The Herd of Rhode Islanders Can Afford to Allow Some Freedom

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Some families don’t believe that the fact that their children go to school with other children gives the government the right to force them to take drugs related to sexually transmitted diseases.  Many become more suspicious when they hear of terrible side effects that some appear to experience and observe the overlapping financial interests of state government and company behind the drug.

Mind you:  If the government simply recommended the drug, there would be no problem.  But as it is, dedicated families feel the need to become activists and testify in pursuit of legislation to return their freedom.  On the other end are bureaucrats whose social concern is difficult to entangle from the pursuit of metrics:

Among her arguments against the “personal belief” exemption that some lawmakers are seeking: “The proposed legislation, if enacted, will potentially decrease our state’s vaccination coverage rates, putting people at risk … [especially] those who cannot be vaccinated″ for medical reasons. …

In one letter to the lawmakers, [Director of Health Nicole] Alexander-Scott wrote: “Most vaccine-preventable diseases are transmitted from person to person. When a sufficiently large proportion of individuals in a community are immunized, those persons serve as a protective barrier against transmission of the disease in the community thus indirectly protecting those who are not immunized … This phenomenon is referred to as ‘herd immunity.’”

Good of the government to have such concern about the “herd.”  One doubts that Alexander-Scott highlighted the fact that Rhode Island’s HPV vaccination rate was already high, and that the mandate increased it almost not at all.

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That is, acting of their own free will — not as herded cattle — Rhode Islanders were already doing what the government wanted.  Knowing that, one can reasonably infer that making us do things is the point, establishing the principle that we have to go where they think we should.



  • Karl Rand

    Your celebration of ignorance and anti-science is great as long as it doesn’t have a detrimental impact on me or my family. We have a right to protect and defend ourselves, especially our “freedom and prosperity”.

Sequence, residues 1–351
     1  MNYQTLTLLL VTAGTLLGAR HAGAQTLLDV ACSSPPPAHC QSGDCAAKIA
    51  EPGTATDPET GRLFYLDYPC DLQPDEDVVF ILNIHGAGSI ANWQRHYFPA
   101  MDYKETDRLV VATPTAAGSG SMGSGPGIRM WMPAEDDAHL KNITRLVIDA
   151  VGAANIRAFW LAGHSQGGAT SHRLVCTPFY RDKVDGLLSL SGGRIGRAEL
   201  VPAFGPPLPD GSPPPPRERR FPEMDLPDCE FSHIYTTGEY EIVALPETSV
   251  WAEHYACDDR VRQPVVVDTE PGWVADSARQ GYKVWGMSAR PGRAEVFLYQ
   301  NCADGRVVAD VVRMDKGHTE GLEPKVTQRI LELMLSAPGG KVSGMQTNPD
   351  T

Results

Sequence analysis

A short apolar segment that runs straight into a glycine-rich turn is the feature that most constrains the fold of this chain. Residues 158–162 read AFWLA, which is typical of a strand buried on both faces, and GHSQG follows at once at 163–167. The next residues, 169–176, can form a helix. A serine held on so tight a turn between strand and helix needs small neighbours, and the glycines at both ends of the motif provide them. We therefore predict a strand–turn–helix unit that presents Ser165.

• Justin Katz

      I’m curious (and promise that I’m not looking to derail into a separate topic): What’s your position on abortion?

      • Karl Rand

        I do not believe it should be criminalized.

        • Justin Katz

          What is your reasoning for believing abortion should not be criminalized?

          • Karl Rand

            Our freedoms should extend to pretty much anything we choose to do to our own bodies.

            Restricting freedom in this case appears to conflict with your fierce opposition to government regulation in almost every other aspect of your philosophy.

          • Justin Katz

            So how does your principle about freedom relate to the insinuations above, with other people’s freedom being “great as long as it doesn’t have a detrimental impact on me or my family”?

          • Karl Rand

            I’m not suggesting they go to jail for their actions or advocating they lose their “freedom” in any way.

          • Justin Katz

            So you think there should not be an HPV mandate?

          • Karl Rand

            I don’t think there should be an HPV mandate because it’s not a contagion like most of the other required vaccinations (science), not for political reasons. I think you and your organization would be better served using that approach to opposing the mandate.

            By the way, that last analogy about the “the mandate increased it almost not at all” is horrible. Using the same logic we should not require polio vaccinations.

          • Justin Katz